Cerro Delta, located on the Maricunga Belt, is a high-sulfidation epithermal Au–Ag deposit composed by graniodorite to porphyritic rocks intruded by dacitic domes, andesite lavas and mafic reservoirs. It comprises Advanced Argilic alteration zones with central zones composed by vuggy quartz textures with silica superpositions. The superficial geochemical results show values of up to 5, 75 gr/tn.
The geophysical studies show two zones with high-moderate IP-Resistivity likely to indicate sulfide concentration under the surface.
Cerro Delta is located on the Maricunga belt and it is regarded as one of the greatest potential gold-bearing belts at a global scale. Here, there are operating mines as well as exploration projects showing evolution at different stages, from initial stages to feasibility. This is why the region is considered one of the best and richest metaliferous belts with economic deposits in the Andes.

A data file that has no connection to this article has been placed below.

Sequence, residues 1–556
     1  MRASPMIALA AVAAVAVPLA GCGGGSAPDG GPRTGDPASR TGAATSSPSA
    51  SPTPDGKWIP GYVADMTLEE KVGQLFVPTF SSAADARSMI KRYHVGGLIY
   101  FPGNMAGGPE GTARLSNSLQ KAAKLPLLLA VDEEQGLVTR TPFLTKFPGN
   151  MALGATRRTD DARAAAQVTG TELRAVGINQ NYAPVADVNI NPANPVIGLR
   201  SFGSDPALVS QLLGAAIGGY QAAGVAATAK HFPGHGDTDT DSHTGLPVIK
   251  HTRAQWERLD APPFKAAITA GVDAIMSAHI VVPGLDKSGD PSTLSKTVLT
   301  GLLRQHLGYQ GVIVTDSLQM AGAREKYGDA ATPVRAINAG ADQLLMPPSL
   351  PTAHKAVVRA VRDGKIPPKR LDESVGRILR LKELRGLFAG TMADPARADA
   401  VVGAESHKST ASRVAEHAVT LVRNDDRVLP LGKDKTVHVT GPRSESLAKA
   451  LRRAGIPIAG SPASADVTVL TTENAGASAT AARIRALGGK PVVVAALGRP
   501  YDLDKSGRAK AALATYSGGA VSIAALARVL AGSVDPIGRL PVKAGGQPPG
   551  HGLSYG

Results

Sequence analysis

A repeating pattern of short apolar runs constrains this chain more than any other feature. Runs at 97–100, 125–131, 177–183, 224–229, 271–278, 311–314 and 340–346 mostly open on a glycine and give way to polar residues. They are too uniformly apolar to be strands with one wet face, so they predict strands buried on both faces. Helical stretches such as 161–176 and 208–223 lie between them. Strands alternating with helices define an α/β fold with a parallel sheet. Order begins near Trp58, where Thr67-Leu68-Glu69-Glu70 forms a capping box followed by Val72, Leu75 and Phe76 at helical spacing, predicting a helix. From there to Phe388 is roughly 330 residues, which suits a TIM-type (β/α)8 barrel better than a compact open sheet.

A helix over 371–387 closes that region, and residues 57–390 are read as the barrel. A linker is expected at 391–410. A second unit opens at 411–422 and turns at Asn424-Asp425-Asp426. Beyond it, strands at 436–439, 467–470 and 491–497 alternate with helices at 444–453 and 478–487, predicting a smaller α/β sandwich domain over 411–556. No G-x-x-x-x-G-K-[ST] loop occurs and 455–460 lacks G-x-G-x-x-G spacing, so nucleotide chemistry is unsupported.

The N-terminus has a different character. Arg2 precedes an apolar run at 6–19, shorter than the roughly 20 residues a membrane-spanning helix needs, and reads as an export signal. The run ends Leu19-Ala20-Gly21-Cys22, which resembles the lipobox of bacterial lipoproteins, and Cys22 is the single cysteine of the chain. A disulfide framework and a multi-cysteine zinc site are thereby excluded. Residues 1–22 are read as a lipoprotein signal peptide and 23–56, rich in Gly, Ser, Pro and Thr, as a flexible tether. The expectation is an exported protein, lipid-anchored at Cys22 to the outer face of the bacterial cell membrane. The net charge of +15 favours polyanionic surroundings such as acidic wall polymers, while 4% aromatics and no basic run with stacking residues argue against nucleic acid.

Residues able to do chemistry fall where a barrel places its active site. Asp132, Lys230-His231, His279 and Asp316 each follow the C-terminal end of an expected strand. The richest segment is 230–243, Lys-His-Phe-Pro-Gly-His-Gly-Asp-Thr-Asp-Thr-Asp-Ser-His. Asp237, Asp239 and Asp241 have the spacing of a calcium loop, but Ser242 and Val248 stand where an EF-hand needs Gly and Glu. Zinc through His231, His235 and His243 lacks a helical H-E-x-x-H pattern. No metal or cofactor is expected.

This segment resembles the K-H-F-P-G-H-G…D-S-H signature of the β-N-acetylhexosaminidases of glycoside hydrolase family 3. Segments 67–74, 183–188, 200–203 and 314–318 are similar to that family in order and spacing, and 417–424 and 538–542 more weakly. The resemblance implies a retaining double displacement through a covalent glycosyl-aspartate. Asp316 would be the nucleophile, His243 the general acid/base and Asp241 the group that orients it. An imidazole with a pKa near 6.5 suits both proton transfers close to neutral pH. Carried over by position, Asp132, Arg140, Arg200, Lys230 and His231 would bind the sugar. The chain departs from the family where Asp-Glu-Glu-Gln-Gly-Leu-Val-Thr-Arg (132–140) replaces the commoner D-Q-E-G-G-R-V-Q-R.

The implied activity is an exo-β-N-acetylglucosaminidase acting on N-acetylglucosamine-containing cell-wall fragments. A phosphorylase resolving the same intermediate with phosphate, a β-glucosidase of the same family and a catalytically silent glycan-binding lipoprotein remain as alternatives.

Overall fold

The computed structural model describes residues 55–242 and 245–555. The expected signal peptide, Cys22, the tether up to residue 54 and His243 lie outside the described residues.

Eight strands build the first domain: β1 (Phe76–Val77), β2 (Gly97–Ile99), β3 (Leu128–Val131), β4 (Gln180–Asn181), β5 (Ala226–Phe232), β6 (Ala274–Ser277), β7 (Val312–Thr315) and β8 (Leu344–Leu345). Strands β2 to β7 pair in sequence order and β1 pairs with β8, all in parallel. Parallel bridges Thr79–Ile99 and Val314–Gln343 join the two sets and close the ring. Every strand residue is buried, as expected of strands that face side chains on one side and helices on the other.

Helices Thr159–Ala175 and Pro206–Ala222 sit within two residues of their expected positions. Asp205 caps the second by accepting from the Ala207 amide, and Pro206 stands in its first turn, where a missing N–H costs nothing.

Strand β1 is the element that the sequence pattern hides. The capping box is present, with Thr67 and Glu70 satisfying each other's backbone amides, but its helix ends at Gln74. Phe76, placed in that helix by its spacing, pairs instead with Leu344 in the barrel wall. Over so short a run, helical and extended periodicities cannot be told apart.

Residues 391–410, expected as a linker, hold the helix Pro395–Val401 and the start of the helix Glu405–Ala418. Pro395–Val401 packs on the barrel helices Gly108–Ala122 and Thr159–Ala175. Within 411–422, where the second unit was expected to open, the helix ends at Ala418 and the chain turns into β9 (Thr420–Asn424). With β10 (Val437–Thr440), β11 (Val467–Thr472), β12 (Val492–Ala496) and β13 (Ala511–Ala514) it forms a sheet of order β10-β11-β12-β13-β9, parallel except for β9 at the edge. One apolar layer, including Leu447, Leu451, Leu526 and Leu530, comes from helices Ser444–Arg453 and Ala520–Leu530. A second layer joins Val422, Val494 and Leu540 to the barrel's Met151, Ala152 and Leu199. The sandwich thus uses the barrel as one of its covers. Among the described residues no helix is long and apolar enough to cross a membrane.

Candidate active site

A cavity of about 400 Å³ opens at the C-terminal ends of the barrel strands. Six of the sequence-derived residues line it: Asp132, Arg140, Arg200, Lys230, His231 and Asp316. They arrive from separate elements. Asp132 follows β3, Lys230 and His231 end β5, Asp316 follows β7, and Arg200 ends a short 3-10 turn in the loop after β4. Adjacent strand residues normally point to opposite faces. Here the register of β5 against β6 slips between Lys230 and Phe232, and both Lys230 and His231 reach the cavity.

The Maricunga Belt
The Maricunga belt is a linear metallogenic unit defined by at least 14 zones of gold and/or silver mineralization between latitudes of 26° and 28° S in the Andean cordillera of northern Chile. Total geologic reserves are 420 metric tons of gold and about 14,000 metric tons of silver divided between intrusion-hosted porphyry-type deposits and volcanic-hosted epithermal deposits of high-sulfidation, acid sulfate type. (Economic Geology Vol. 86, 1991, pp 1238- 1260, Tomás Vila-Richard Sillitoe.)
Vila and Sillitoe (1991) defined the region as a north-south elongate area, roughly 200 x 50 km in extent and 4,000 to 6,000 m above sea level. The region contains at least six compound volcanos along the Western and Domeyko Cordillera, located between Chile and Argentina.
The Maricunga belt is host to a lot of copper and gold porphyr-type deposits as well as gold and silver epithermal projects of high sulfidation going through different exploration stages. Some of them, nearby Cerro Delta, are observed in the image below.
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